That said, the Bradys are going to push the issue because the 11th Circuit isn't very gun-friendly, and because they had a win there a few years back.
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Old May 21, 2013, 01:14 PM   #17
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GeorgiaCarry.Org, Inc., et al v. State of Georgia, was decided last July, 2012. The TFL Thread is at the link.
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Old May 21, 2013, 01:44 PM   #18
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Actually, I was referring to GCO vs. City of Atlanta, which was a 2008 case contesting a ban on carry in airports.

I'm not sure how influential they actually were on the outcome, but the Brady Campaign took credit:

Quote:
The Court accepted arguments made by the Brady Center in an amicus brief it filed, represented by the law firm of Covington and Burling.
Given that this was shortly after Heller, it was something of a big deal among supporters of gun control.
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Old May 21, 2013, 04:44 PM   #19
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Stupid, empty, pointless law; now with stupid, empty, pointless litigation.
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Old May 21, 2013, 09:32 PM   #20
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OK, if I'm reading the complaint correctly, Mr. Kellett is a member of the Brady Campaign who lives in Nelson. This is what he's claiming for injury:

Quote:
Because Mr. Kellett obeyed the law, the Firearm Ordinance forced Mr. Kellett against his will to purchase on April 23, 2013, a Remington model 1911, .45 caliber handgun for $646.59. It also forced him to purchase against his will .45 caliber ammunition for $32.09.
That's pretty spendy, and certainly not the $150 beater gun I'd have expected someone to buy when they're just trying to obey the law.

He's also claiming that his property values will be reduced.

Quote:
Moreover, at least one study has established a direct correlation
between gun ownership in a locality and the number of gun deaths in that locality. Upon information and belief, increased gun deaths in a locality may also have a negative effect on property values in that locality. Mr. Kellett has suffered further economic harm because the Firearm Ordinance makes Nelson a less-desirable location, thereby causing property values, including the Kelletts’, to decrease.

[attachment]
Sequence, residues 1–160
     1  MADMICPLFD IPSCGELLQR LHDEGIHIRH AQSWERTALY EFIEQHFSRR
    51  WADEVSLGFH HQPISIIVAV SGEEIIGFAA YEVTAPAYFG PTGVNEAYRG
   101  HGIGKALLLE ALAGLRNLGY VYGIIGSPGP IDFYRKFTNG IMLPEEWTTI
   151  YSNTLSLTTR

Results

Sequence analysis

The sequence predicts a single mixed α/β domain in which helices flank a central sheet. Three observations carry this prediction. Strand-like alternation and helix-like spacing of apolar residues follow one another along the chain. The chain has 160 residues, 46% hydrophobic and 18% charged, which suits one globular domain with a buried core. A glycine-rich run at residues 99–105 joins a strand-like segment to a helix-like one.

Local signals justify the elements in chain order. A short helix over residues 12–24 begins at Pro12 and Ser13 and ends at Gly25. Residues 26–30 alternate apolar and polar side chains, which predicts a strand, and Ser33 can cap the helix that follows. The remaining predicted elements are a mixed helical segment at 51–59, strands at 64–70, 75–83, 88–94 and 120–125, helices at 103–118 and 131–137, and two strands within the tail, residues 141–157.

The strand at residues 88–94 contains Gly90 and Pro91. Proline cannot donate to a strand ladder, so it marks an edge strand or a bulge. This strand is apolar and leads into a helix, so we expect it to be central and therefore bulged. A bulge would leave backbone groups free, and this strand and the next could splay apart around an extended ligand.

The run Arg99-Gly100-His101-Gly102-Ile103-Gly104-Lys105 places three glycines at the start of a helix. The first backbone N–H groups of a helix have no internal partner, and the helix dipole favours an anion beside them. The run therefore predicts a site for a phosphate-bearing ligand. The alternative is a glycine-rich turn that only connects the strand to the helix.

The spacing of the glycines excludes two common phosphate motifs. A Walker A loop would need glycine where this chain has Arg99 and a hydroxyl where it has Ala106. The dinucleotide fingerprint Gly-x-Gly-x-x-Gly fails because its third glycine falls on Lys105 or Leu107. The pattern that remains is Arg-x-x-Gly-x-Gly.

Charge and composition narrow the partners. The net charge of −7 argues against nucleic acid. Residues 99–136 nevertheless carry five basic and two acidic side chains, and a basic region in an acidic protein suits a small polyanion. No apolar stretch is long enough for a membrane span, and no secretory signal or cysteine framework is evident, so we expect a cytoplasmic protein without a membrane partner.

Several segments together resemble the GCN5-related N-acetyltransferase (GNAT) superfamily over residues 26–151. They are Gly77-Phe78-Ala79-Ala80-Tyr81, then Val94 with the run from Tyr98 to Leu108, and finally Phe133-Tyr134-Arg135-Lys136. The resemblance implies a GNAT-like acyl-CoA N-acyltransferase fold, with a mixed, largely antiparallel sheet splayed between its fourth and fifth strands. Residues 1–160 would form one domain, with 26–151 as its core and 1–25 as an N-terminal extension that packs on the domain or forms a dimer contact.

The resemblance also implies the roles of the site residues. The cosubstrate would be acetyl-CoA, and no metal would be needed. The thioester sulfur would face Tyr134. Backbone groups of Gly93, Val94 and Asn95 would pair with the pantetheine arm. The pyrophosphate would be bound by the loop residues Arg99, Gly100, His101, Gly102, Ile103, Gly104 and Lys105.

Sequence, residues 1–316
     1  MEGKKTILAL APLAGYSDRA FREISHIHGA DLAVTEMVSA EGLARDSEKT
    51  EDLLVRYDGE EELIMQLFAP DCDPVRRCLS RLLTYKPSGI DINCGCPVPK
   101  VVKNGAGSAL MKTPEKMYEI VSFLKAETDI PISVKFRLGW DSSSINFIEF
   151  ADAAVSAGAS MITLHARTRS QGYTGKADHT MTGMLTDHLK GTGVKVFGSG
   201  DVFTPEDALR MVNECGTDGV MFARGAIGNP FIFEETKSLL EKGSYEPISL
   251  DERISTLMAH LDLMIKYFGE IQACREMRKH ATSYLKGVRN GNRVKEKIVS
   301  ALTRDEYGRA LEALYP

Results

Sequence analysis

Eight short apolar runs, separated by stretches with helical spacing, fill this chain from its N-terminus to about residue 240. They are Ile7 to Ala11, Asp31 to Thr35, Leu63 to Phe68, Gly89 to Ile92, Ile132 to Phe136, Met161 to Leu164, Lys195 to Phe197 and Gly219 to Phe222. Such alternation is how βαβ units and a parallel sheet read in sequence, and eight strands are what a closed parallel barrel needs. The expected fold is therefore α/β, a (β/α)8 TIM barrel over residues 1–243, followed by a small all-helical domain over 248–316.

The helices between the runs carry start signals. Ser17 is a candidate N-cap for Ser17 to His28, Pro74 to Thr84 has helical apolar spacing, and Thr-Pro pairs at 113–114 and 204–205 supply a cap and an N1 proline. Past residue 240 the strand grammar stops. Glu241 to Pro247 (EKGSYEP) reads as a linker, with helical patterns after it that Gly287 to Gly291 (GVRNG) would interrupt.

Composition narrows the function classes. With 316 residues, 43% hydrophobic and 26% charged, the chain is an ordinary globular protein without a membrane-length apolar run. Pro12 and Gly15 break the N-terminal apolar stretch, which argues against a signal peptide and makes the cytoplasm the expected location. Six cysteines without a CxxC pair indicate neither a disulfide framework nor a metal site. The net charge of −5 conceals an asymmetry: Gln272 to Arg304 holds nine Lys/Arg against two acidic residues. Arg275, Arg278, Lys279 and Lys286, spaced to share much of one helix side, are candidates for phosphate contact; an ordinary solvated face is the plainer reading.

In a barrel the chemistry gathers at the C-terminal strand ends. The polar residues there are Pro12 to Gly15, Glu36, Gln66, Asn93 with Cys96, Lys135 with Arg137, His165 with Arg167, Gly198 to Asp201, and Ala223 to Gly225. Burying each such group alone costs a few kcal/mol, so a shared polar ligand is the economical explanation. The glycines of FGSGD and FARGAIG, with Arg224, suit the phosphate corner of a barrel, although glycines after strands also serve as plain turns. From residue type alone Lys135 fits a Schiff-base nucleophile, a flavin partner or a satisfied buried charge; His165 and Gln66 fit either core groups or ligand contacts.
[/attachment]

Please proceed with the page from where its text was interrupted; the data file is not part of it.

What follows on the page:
The law provides an exemption for those who “conscientiously oppose maintaining firearms as a result of beliefs or religious doctrine,” and Mr. Kellett claims that it's a 1st Amendment violation to be forced to articulate a belief.

I can't wait to see them argue this before a judge.
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Old May 21, 2013, 09:59 PM   #21
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I want to see the Brady Campaign survive the challenge to Standing. Assuming it isn't outright dismissed on those grounds, there is the MSJ on the grounds everyone has mentioned.

It will never get to the merits. But if they really want to spend the money.... So be it!
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Old May 22, 2013, 02:34 AM   #22
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After the Supreme Court's Obamacare ruling is the government allowed to require the purchase of goods and services?
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Old May 22, 2013, 05:37 AM   #23
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^^^^^That's what I want to know. Is the penalty, if there is one, simply a "tax" ?

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Old May 22, 2013, 08:45 AM   #24
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That is actually a pretty good question and would go to what authority the municipality has to impose taxes I imagine.